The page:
Thurrock Community Policing Team models a more accessible police force that shows publicly how it is responding to victim reports and concerns. It is a breath of fresh air.
Thurrock has needed to seriously improve its image after some damaging press coverage about the lack of communication between the different agencies, there to serve the public and tackle anti-social behaviour (http://www.yourthurrock.com/Thurrock-Council-outraged-Essex-Police-tell/story-27673688-detail/story.html).
Just nine months ago Thurrock Council, Essex Police and the Essex Police and Crime Commissioner were publicly pointing the finger about who would and should deal with anti-social behaviour incidents. Frustration was focused on the general lack of public funding, but victims of anti-social behaviour will have been left wondering what hope there was for them to get any response to the behaviour they had to suffer.
That makes it all the more encouraging to see that this same area now models what we consider best practice for a police community team.
In YourThurrock, a local online newspaper, the Thurrock Community Policing Team share its May report, the first since the team was set up in early April: http://www.yourthurrock.com/Thurrock-Community-Policing-Team-report/story-29263724-detail/story.html
It sets out what type of complaints and concerns the police officers have received from residents, and crucially, what they have done about it. It mentions how they have worked together with their partners, the Council and with the Fire and Rescue Service, on different operations. Of course the focus is on the successes, but the tone is open and matter of fact without being too technical. At the end of the report comes a clear invitation to the community:
- a reminder that the Thurrock Community Policing team relies on help and feedback from the community;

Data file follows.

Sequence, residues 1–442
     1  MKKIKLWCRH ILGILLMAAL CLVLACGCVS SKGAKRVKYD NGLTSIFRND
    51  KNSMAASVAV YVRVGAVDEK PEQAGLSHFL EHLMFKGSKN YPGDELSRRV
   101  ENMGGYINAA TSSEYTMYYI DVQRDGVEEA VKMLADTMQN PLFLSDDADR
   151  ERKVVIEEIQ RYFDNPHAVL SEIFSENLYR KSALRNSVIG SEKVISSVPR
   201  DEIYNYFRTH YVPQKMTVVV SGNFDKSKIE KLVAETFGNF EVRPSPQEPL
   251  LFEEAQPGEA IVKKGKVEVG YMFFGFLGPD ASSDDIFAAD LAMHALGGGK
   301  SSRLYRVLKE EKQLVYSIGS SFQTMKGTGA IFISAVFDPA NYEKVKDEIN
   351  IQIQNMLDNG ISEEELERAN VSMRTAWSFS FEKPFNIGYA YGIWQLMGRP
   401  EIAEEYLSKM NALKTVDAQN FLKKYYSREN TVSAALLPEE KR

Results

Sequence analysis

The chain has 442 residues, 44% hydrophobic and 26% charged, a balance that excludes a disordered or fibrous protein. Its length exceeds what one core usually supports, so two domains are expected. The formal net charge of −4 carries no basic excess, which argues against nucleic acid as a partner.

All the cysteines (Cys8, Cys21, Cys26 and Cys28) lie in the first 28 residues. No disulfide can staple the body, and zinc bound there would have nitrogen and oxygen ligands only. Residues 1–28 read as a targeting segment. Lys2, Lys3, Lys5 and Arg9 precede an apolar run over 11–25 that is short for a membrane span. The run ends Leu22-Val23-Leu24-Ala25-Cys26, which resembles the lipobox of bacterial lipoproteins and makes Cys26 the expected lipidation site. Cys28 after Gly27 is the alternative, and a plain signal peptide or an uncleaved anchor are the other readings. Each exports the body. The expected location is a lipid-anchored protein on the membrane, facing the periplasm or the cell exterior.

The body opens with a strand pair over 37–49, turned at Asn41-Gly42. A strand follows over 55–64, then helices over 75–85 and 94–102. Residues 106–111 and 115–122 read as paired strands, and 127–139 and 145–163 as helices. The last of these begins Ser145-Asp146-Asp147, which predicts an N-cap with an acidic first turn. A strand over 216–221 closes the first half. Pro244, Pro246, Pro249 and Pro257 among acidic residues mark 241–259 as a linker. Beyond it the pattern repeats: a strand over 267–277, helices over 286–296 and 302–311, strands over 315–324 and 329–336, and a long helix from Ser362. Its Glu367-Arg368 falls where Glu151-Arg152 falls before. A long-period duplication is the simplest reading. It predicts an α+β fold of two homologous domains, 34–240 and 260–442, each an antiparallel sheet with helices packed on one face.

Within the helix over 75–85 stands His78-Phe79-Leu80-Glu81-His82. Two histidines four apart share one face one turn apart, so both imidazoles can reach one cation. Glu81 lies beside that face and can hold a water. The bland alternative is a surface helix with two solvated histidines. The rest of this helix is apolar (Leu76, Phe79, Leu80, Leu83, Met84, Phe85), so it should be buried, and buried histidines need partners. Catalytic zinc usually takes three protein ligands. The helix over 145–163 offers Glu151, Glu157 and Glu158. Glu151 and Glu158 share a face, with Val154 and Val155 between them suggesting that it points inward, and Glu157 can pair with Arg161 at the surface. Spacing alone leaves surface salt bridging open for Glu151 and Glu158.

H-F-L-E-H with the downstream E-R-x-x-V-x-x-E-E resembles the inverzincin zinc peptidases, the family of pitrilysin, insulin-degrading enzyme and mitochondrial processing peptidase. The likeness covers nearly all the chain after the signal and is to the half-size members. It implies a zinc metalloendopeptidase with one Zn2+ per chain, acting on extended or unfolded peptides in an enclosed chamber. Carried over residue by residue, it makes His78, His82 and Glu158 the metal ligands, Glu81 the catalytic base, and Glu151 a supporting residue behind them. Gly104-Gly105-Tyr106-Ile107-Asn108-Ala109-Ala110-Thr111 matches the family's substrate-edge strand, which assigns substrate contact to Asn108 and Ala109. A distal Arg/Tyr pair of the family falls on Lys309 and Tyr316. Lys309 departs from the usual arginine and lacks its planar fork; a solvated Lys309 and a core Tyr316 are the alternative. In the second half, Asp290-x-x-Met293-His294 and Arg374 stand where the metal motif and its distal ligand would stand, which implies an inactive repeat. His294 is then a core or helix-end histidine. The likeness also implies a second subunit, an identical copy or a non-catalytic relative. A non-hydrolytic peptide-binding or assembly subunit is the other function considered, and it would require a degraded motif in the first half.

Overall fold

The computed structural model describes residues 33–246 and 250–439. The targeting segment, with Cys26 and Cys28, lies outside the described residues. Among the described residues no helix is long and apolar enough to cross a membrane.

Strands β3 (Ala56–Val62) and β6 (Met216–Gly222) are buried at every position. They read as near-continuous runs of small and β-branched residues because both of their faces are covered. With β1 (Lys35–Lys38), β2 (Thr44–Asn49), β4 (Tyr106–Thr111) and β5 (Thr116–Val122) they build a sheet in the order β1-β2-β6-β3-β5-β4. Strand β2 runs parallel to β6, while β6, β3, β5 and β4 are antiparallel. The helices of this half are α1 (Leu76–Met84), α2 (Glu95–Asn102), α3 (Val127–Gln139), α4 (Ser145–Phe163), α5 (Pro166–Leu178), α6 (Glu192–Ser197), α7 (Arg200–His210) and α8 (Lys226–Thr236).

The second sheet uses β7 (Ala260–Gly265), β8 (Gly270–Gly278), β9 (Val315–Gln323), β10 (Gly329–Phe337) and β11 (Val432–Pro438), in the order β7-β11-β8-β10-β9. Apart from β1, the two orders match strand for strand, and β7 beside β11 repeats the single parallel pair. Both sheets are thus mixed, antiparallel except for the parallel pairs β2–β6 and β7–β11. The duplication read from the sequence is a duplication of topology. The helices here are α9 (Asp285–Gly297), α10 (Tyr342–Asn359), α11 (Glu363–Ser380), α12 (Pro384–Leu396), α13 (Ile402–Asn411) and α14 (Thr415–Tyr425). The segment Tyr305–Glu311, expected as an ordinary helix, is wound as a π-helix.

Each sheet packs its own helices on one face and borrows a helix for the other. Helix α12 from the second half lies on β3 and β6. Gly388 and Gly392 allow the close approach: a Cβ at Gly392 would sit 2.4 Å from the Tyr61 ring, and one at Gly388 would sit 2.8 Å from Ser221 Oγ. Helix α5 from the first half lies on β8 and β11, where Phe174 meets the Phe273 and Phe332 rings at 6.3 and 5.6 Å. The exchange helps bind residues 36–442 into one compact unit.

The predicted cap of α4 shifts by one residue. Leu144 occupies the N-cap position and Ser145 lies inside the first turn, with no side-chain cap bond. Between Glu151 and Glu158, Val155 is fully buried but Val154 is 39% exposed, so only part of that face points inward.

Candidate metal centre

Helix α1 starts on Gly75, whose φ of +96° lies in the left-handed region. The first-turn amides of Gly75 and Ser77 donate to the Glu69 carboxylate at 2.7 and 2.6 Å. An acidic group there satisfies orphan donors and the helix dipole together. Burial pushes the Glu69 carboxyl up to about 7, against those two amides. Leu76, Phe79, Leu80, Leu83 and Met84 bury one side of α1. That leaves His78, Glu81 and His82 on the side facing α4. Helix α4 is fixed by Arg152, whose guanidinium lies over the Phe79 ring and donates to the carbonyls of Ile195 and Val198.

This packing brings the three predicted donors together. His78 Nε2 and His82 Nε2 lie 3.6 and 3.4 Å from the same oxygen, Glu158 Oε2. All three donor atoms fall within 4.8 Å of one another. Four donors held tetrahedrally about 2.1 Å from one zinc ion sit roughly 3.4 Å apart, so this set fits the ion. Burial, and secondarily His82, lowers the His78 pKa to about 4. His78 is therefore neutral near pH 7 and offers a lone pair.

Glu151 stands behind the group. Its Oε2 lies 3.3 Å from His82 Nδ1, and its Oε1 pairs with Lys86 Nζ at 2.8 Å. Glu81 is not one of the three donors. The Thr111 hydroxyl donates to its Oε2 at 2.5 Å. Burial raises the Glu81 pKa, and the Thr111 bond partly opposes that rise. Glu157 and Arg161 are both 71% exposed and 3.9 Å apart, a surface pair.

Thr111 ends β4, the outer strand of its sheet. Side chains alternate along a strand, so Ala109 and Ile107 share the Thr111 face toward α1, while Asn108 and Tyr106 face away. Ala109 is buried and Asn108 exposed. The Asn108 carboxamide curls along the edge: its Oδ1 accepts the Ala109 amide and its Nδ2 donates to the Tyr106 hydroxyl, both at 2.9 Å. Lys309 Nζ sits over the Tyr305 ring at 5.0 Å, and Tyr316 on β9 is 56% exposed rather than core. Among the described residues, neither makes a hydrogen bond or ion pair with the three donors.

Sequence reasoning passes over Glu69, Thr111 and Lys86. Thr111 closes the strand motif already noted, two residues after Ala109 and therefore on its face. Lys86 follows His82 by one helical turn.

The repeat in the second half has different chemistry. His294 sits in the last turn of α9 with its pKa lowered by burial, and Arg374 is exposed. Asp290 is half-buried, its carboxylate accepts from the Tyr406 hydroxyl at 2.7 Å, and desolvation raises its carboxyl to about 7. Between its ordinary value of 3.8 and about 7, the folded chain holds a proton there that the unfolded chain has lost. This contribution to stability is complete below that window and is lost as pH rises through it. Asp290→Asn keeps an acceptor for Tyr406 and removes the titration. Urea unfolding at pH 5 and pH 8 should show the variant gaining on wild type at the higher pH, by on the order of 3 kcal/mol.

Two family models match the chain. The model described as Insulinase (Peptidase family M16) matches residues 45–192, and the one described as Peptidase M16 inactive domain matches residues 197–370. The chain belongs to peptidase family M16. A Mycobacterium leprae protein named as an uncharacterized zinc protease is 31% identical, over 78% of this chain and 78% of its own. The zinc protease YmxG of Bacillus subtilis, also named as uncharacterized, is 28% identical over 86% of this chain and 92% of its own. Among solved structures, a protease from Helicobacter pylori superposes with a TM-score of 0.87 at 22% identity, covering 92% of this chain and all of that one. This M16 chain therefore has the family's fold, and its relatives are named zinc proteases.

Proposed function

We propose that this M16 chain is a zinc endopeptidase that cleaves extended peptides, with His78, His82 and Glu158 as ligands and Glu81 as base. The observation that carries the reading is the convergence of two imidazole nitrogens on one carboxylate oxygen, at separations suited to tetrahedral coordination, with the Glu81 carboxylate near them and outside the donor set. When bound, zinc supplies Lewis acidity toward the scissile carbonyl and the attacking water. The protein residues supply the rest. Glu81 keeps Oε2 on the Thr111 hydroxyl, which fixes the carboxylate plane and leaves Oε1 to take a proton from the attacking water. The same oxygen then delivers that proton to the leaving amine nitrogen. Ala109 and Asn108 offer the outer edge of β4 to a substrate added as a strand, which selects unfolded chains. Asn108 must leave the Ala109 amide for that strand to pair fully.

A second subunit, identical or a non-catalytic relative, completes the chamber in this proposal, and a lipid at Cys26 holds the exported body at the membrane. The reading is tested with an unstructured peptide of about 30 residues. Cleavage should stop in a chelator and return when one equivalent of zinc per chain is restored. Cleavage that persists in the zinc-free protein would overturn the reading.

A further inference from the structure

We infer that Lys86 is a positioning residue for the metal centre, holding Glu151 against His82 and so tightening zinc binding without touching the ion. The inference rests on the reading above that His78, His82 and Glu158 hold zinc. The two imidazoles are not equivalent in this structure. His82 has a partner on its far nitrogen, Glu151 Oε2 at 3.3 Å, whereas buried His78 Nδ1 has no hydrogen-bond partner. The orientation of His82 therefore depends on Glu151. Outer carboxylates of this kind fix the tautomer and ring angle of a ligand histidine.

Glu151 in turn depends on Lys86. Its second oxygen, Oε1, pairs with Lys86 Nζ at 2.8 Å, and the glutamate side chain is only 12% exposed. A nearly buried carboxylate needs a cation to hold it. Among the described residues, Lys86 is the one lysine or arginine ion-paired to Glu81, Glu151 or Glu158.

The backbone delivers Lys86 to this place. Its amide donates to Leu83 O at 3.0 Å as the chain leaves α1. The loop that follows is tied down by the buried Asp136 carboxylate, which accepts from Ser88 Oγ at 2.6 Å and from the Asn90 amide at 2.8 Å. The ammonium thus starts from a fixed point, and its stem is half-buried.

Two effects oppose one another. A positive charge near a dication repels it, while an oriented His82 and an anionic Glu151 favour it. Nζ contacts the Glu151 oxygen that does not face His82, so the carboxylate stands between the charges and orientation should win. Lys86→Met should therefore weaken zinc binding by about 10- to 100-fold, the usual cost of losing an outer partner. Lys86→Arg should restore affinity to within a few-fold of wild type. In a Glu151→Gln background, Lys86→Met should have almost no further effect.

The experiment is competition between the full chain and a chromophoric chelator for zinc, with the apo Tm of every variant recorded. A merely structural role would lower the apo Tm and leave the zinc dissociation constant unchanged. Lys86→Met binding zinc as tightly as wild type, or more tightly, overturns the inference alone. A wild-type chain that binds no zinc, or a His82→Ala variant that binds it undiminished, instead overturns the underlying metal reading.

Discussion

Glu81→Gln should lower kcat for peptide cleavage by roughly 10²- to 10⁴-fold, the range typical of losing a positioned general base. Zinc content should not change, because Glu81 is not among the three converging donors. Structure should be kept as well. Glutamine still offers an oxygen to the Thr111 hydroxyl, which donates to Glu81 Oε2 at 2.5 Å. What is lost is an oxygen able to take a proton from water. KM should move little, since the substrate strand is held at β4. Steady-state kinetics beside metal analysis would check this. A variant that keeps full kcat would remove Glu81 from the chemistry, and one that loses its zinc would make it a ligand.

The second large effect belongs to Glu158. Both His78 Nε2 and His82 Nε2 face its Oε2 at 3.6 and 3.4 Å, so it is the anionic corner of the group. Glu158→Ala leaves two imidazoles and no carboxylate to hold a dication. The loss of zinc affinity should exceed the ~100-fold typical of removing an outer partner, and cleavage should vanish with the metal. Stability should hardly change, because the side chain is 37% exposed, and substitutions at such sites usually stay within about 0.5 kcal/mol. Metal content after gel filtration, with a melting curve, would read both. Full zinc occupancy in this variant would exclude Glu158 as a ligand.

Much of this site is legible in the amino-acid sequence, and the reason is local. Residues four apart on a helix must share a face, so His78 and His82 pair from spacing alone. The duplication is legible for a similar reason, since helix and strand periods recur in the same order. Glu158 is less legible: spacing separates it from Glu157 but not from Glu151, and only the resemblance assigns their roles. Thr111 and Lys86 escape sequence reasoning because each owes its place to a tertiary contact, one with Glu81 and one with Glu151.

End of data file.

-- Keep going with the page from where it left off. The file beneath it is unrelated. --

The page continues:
- a public meeting to discuss local issues and policing priorities to which everyone is invited;
- an email address is supplied for the team; and
- Twitter handles for the specific PCs and PCSOs are shared.
We believe they are showing best practice for a genuinely accessible community police team. Specific Twitter handles and an email address may be common ground in today’s society, but the police so often seems to remain aloof from all this, hidden behind the anonymous 101 number.
ASB Help has often struggled to contact the police – with only the 101 number supplied and no idea of which named officer you need, it makes calling them rather intimidating. Of much greater concern, there are some regions that have chosen the Police to head up the Community Trigger but then only give the 101 number as a way to access it – a far cry from the statutory guidance of making it easy and accessible to activate the Trigger (for example Hampshire and Devon). Let’s not forget that there is also a charge to call 101 – over and above your free minutes, which can be a real barrier for some of the poorest victims.
We would love to hear from Thurrock’s residents as to whether they have felt the benefit of the formation of this team.